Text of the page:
Washington Park Police Officer Kevin Raymer took a report of a 911 call reporting someone was being shot at and chased about 4:40 a.m. on Sept. 19, 2009.
Raymer went to the remote area to look for the caller, but he didn’t see anything. When he rolled down his window, there was silence.
Twenty minutes later, Raymer testified he was called back to the area. This time, the caller reported there were two dead bodies.
Raymer arrived and found Kevin McVay in the street with a gunshot to the head.
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When the police dispatcher gave Raymer and his fellow officer the callback number for the distress call that came in earlier, they called it. Thirty feet away, a cellphone rang in the right hand of Charles Black, also dead from gunshots.
Black identified the man who was chasing him and firing on him, prosecutors James Piper and Debbie Phillips contend he named Randy McCallum Jr.
Twelve jurors will decide whether McCallum, 26, is guilty of two counts of first-degree murder.
Illinois State crime scene investigator Curtis Eggemeyer testified Tuesday morning about photos he took at the crime scene, including shots of a cigarette butt found amongst spent shell casings. He also identified blood and tissue found on the rear of a gold Crown Victoria parked about six feet away from McVay’s body. In one of the photos shown to the jury, a hat lays near McVay’s body and a snack-sized bag of Doritos is near his left hand.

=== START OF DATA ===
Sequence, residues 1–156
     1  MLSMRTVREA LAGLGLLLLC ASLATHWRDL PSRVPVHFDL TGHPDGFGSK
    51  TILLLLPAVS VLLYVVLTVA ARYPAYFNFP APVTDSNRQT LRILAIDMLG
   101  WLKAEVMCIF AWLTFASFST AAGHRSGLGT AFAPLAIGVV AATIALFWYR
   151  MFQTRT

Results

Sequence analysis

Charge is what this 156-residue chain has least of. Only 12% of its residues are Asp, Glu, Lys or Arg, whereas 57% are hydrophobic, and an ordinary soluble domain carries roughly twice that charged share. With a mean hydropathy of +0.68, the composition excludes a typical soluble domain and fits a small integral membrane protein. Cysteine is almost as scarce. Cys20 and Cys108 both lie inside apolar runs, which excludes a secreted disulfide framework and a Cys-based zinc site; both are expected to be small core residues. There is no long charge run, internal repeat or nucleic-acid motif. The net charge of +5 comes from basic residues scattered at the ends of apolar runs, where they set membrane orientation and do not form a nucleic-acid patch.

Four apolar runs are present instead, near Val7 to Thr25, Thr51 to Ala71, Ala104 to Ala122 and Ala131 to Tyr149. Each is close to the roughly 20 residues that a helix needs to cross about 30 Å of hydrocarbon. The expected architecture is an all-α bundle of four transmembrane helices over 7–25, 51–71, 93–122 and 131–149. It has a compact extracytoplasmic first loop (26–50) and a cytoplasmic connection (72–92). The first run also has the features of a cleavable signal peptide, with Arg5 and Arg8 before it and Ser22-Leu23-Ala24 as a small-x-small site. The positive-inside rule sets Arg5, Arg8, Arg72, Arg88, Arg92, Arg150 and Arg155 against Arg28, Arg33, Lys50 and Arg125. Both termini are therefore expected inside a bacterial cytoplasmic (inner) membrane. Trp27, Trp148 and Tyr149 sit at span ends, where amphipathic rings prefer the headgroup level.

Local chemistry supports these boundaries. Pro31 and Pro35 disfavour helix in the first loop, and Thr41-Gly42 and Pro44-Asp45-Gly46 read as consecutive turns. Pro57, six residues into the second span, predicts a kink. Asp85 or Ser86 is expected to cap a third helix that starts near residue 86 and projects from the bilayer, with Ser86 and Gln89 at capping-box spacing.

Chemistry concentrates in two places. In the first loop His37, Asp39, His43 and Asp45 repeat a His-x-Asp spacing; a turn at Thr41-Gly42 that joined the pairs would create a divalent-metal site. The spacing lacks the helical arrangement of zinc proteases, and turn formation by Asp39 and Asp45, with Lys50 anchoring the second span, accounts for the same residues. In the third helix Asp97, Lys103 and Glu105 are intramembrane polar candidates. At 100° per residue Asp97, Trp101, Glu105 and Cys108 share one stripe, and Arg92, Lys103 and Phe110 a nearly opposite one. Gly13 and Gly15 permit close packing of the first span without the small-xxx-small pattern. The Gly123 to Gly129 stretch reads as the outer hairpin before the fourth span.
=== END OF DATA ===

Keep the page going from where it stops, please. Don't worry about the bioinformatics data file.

Under questioning from Rick Roustio, McCallum’s lawyer, Eggemeyer testified that he did not collect the Doritos or take a sample from blood on the car.
Eggemeyer testified that he collected the cigarette butt, a rifle found nearby, six shell casings and a live shell from the scene.
Roustio pointed out that Black and McVay were shot more than six times.
Eggemeyer also testified that he lifted 19 latent fingerprints from outside of the Crown Victoria.
The defense case is expected to get a boost on Wednesday when Anthony Moore will take the stand.
Moore signed an affidavit stating it was he who killed Black and McVay. According to the criminal complaint, the affidavit was delivered to Roustio by former Alorton Mayor Randy McCallum, Sr., who served a short federal prison sentence for corruption. After receiving the affidavit, Roustio questioned Moore at Menard Correctional Center where he is being held on an attempted murder charge. Moore is not eligible for parole until 2041.
“He told me that he did it,” Roustio has said.
Moore was later charged with obstruction of justice connected to that affidavit. Prosecutors said the affidavit was part of a plot to blame the Black and McVay murders on Moore.
At the time Moore was charged, Roustio told reporters that he believed that police and prosecutors listened to recorded phone calls of McCallum Jr., Moore and Domic R. Hood, who was being held with the two men in St. Clair County Jail on a rape charge. Hood and McCallum Jr. were also charged with obstruction of justice in connection to the affidavit.
McCallum’s first trial ended in a mistrial after one juror could not agree to a guilty verdict.